For one night, Kansas State's reserves and role players became stars.
Makol Mawien was the best player on the floor, Xavier Sneed filled up the stat sheet, Amaad Wainright hit shots, Cartier Diarra sent out assists and Mike McGuirl made a case for a permanent spot in the rotation.
They didn't do enough to defeat Kansas while Barry Brown and Dean Wade were sidelined because of injuries and K-State lost 83-67 in the Big 12 Tournament semifinals on Friday at the Sprint Center, but they played with admirable energy and passion.
If they continue to play this way when the Wildcats get their two best players back at the NCAA Tournament, as coach Bruce Weber expects, well ...
"We could do something that nobody else expects us to," McGuirl said. "We could win some games. We could win more games than anybody expects. That is what we are hoping for."
There is no such thing as a moral victory in college basketball, but this came close.
It's hard to imagine a more nightmarish scene for K-State basketball fans than the site of Wade sitting on the bench with a medical boot on his left foot and Brown resting a few seats away with an ice pack covering his right eye. Yet, that's what the Wildcats had to deal with.
Wade, an all-conference forward, didn’t suit up after injuring his left foot a day earlier. He wanted to play against the Jayhawks, but Weber didn’t want to push him before the NCAA Tournament. Brown, an all-conference guard, was on the floor for less than two minutes before KU guard Devonté Graham inadvertently poked him in the eye. Brown toppled over in pain and was unable to return.
"He wanted to play. He kept saying, I'm good and I held up how many fingers and he didn't know," Weber said of Brown losing vision. "So there was no way we could put him in."
Just like that, he was also done for the night.
Defeat seemed like a forgone conclusion.
Kansas led 43-30 at halftime and surged ahead by 16 early in the second half, but the Wildcats fought back and pulled within 53-51 on a jaw-dropping alley-oop dunk from Diarra to Sneed with 10:19 remaining. When they got a stop and had an opportunity to take the lead moments later the purple-clad fans in attendance were going wild.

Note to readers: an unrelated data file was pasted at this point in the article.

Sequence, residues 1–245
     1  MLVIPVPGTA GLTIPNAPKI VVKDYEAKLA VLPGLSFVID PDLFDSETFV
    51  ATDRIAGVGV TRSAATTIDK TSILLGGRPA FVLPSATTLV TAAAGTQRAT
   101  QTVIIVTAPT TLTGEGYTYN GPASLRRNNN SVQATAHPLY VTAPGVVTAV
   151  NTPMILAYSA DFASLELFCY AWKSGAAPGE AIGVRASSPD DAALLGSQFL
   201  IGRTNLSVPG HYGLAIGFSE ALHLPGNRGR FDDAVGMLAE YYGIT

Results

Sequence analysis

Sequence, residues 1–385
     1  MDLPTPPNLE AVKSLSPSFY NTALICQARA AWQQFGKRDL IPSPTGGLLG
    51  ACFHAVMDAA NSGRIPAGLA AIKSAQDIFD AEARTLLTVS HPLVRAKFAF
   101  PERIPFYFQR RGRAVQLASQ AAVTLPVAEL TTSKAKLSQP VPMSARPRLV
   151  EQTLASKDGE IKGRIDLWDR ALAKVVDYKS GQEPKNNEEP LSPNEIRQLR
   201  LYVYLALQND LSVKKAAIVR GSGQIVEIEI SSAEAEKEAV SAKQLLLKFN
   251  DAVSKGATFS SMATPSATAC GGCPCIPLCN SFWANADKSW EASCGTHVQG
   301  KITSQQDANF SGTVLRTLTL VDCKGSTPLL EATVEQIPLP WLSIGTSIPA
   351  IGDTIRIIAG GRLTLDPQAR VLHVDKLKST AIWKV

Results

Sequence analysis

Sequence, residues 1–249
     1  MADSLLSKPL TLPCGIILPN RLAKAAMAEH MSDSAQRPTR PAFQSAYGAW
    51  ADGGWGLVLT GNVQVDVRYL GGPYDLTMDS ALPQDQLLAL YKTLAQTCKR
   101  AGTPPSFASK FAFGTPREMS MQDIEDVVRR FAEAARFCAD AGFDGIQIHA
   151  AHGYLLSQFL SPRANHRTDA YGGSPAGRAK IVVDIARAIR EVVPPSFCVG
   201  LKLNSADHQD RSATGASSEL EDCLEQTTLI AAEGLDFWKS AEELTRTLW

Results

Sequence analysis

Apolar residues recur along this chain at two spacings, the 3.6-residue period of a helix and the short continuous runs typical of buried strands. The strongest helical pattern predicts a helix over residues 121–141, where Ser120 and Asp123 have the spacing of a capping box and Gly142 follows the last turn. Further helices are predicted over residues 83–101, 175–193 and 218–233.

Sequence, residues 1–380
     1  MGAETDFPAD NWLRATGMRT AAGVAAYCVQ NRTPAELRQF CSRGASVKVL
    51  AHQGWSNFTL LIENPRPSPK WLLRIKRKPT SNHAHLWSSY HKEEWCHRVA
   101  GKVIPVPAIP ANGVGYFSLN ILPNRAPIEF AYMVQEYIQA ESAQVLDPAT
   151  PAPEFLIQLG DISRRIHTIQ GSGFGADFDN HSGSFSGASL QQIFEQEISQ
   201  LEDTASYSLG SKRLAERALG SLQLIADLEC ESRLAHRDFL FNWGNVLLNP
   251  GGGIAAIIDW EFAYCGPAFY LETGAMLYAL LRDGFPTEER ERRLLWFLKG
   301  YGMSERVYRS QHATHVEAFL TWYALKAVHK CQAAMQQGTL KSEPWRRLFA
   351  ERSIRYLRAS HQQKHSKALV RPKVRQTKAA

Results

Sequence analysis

Victory seemed attainable.
"It was big-time the fight that everybody had," Sneed said. "To see that from our guys this late in the season is big time. With two of our better players going down and still everyone else going out there and competing with a potential No. 1 seed, it shows that everyone on our team is capable of playing."
The Jayhawks pulled away from there, but the Wildcats took plenty of positives out of this game.
The biggest: Mawien. The sophomore forward has transformed into a go-to scorer over K-State's past three games. He had a career-high 29 points against Kansas, mercilessly hitting mid-range shots from all angles.
"Makol had a great tournament," Weber said. "He's played well. I've told him all along his time is to come. I knew he could score and obviously it's a help."
McGuirl's surprise game could also become a boon for the Wildcats. As junior guard Kamau Stokes continues to struggle, the freshman guard offers another option in the NCAA Tournament.
He had moments of brilliance against the Jayhawks, finishing with four points, four assists and four rebounds in 21 minutes while Stokes missed eight of nine attempts.
"Everytime he goes in there he plays hard for us," Weber said. "He did some nice things today. Kamau is still trying to figure it out. One for nine is not going to get it."
K-State would have rather played KU at full strength, but this could benefit the Wildcats as they turn their attention to the NCAA Tournament and welcome their two best players back to the starting lineup.
"I think it all helps," Weber said. "These guys have been through it, a very tough tournament, a very tough league. Hopefully it prepared them what's coming up next week."